For the U.S. Environmental Protection Agency, the choice should be clear and simple when it comes to implementing blending obligations under the Renewable Fuel Standard: Just follow the law. That was the Renewable Fuels Association’s message in comments submitted to EPA responding to the agency’s supplemental proposal for 2020 renewable volume obligations.
RFA’s comments highlight the fact that the Clean Air Act requires EPA to “ensure” that the RFS volumes specified by Congress are fully enforced. By issuing dozens of small refinery exemptions and refusing to reallocate the lost volume, EPA has failed to comply with this legal obligation in recent years.
“The congressional intent is indisputable and unambiguous, and the law is clear,” according to RFA President and CEO Geoff Cooper. “Unfortunately, the EPA has forsaken the law in recent years by failing to ensure the congressionally directed renewable fuel volume requirements are enforced. EPA issued 85 retroactive small refinery exemptions for the 2016-2018 compliance years, undercutting the statutory renewable fuel volumes by a total of 4.04 billion gallons.”
While EPA’s supplemental proposal takes a step in the right direction, it doesn’t go far enough in ensuring that the congressional RFS volumes are fully enforced. “If past is prologue, EPA’s proposal could result in the 15-billion-gallon requirement sliding backward to a requirement for just 14.4 billion gallons in 2020,” according to the comments.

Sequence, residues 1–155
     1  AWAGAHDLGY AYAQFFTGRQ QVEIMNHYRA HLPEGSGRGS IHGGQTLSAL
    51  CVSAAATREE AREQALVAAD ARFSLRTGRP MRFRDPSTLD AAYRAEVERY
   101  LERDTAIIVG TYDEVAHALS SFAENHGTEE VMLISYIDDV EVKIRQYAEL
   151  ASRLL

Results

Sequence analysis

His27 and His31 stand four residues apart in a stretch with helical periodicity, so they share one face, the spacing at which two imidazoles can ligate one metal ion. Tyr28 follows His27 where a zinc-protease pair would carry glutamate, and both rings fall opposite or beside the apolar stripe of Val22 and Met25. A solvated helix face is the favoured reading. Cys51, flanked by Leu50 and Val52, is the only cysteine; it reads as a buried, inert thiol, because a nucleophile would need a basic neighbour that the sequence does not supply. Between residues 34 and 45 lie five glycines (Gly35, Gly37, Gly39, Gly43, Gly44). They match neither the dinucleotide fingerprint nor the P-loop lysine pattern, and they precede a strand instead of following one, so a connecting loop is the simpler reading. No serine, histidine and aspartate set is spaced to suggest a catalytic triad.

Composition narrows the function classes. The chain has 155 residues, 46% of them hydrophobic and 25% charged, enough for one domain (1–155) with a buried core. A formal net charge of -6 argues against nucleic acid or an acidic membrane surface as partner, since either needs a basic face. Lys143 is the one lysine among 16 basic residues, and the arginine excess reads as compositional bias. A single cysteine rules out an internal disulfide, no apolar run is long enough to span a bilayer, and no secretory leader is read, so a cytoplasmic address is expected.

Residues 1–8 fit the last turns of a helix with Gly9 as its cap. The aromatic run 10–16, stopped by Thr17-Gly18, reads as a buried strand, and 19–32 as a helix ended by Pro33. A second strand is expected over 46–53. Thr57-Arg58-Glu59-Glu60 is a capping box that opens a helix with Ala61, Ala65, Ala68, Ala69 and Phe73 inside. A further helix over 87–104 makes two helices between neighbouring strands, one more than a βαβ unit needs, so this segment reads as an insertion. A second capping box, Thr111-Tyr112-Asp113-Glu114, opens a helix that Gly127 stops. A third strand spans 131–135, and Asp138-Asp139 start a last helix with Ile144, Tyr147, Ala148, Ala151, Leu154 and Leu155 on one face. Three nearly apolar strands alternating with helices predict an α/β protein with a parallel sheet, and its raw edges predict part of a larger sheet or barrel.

RFA said the agency can get the RFS back on track and uphold President Trump’s commitment to farmers by fully redistributing renewable fuel blending requirements that are waived due to small refinery exemptions.
“We strongly urge EPA to ensure the law is upheld and the president’s commitment is honored,” the comments state. “This can only be achieved if EPA finalizes an approach that uses the three-year average of actual exempted volumes—not the three-year average of the Department of Energy’s recommendations—as the basis for projecting exemptions in 2020 and beyond.”
The comments also underscore the devastating impacts of SREs on the renewable fuels industry. “It is an undeniable fact that the surge in SREs has caused demand loss and economic hardship for U.S. ethanol producers,” Cooper wrote. “At least 20 ethanol plants have been temporarily idled or permanently closed since early 2018 when EPA began to massively expand the volume of SREs.”
Adopting a redistribution methodology based on the three-year average of actual exemptions would help “stop the bleeding” and get ethanol producers back on their feet after one of the worst years in the industry’s history, Cooper said.